Restaurant owners await financial assistance or fear losing businesses

Miserable, exhausting and frustrating. They’re all words restaurant owners are using to describe the last nine months of business.
Published: Dec. 21, 2020 at 10:22 PM EST
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HUNTINGTON, W.Va. (WSAZ) - Miserable, exhausting and frustrating.

They’re all words restaurant owners are using to describe the last nine months of business.

“It’s a roller coaster,” said Chris Dixon. “I don’t recommend this for anybody. It’s been brutal, but I have an amazing wife, a family. It’s hard.”

Chris Dixon, who owns Christopher’s Eats in Barboursville, says he’s tried finding creative ways to keep customers flowing. But all the while, as bills continue to roll in and without any revenue replacement, Dixon said it’s hard to keep his head above water.

“You try to cut what costs you could, but that’s not easy, because we already operate on an already small profit margin anyways,” he said.

Congress has passed a $900 billion COVID relief package, but inside was nothing specifically for restaurants. It’s a sector of the economy which is projected to lose $240 billion in sales by the end of the year.

“I have a job to do everyday to try and keep everybody fed here, customers and my employees,” said Mark Cross.

In Huntington, Mark Cross, owner of 21 at the Frederick, says it’s his life’s passion to stay and run his restaurant, but it’s been anything but easy with restrictions limiting capacity in place.

“I’ve took on more debt but we’re still here, and a lot of people can’t say that right now, unfortunately,” Cross said.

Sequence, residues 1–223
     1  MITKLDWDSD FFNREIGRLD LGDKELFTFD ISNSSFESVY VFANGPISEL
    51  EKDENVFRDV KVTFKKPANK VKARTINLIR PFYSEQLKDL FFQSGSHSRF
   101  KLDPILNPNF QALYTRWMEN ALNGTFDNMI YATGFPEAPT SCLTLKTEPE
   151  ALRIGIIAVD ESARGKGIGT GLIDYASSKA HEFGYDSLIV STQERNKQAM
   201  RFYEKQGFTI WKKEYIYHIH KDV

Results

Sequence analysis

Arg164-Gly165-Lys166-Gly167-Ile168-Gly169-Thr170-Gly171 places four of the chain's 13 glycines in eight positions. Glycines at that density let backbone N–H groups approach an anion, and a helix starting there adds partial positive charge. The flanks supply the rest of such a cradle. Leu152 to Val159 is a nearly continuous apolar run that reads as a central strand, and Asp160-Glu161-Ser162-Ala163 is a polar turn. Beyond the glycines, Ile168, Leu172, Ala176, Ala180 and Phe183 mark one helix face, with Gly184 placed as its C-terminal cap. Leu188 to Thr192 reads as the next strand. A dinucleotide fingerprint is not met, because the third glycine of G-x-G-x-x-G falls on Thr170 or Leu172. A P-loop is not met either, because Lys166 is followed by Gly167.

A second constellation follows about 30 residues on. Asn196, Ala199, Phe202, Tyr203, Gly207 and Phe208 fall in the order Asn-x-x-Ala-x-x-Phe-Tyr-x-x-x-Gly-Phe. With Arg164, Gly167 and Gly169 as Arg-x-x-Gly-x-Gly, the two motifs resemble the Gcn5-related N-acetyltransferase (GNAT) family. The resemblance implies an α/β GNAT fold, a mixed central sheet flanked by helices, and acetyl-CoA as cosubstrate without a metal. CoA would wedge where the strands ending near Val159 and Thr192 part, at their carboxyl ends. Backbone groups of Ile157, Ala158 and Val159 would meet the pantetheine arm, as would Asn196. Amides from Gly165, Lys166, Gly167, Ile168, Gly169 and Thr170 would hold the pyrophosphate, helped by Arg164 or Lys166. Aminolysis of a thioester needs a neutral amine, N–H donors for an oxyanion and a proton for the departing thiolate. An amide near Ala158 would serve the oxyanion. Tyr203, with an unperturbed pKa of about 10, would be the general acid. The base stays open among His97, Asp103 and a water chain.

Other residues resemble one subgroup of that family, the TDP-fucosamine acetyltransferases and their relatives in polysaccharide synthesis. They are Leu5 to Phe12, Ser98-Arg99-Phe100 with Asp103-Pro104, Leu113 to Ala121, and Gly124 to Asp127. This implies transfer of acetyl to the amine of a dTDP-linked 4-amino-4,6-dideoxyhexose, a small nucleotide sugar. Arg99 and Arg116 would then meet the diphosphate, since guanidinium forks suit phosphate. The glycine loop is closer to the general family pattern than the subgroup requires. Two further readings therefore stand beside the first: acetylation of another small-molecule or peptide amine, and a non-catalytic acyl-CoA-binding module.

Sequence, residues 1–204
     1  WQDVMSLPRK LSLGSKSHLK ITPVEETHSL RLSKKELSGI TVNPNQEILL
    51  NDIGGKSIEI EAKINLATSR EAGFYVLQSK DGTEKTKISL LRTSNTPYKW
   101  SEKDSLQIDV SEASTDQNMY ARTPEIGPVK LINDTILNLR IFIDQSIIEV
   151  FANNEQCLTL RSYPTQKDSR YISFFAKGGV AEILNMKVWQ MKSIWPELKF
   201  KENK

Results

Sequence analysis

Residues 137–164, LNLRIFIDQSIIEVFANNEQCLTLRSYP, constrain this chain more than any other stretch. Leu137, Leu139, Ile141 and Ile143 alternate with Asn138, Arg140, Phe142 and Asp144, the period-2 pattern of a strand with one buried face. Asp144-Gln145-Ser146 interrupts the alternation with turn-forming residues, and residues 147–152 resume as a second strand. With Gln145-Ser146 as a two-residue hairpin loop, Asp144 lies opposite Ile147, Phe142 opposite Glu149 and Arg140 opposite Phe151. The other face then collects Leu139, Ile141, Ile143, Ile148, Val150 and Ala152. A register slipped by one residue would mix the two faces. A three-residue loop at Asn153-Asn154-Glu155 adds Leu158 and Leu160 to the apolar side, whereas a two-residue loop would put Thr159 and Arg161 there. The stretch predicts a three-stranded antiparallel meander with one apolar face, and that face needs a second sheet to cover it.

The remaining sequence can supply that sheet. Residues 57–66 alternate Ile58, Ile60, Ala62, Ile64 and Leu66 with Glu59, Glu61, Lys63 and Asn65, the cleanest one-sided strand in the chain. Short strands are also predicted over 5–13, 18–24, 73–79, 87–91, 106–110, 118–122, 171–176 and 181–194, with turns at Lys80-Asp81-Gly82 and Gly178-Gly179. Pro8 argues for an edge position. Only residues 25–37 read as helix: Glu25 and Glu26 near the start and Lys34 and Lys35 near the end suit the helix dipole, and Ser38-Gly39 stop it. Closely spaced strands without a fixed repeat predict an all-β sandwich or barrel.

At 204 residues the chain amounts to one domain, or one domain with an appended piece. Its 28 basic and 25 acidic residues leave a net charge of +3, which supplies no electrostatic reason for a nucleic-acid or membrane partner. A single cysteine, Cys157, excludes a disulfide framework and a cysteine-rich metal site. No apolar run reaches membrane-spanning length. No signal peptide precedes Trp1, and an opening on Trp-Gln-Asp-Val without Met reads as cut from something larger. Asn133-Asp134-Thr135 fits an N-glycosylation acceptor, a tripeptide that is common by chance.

The stimulus includes $284 billion for the Paycheck Protection Program and another $20 billion in small business grants.

Downtown at Le Bistro, Chris Craven chose a different program that better suited his needs.

“We ended up utilizing the employee retention tax credit; most people used PPP loans,” Craven said. “If you use PPP loans, you’re automatically disqualified from being able to use the ERTC. Which is kind of why I was afraid of it in the beginning, anyways, looking at everything.”

The National Restaurant Association says the industry lost more than 17,000 jobs in November.

Dixon hasn’t yet had to lay off or furlough anyone, but says he only has one Christmas wish. He’s hoping that he’ll continue having the opportunity to serve up food and drinks in 2021.

“I think the biggest thing would be that we would still be open, that we made it, that we made it through,” he said.

It’s still unclear when the funding from the federal government will be available.

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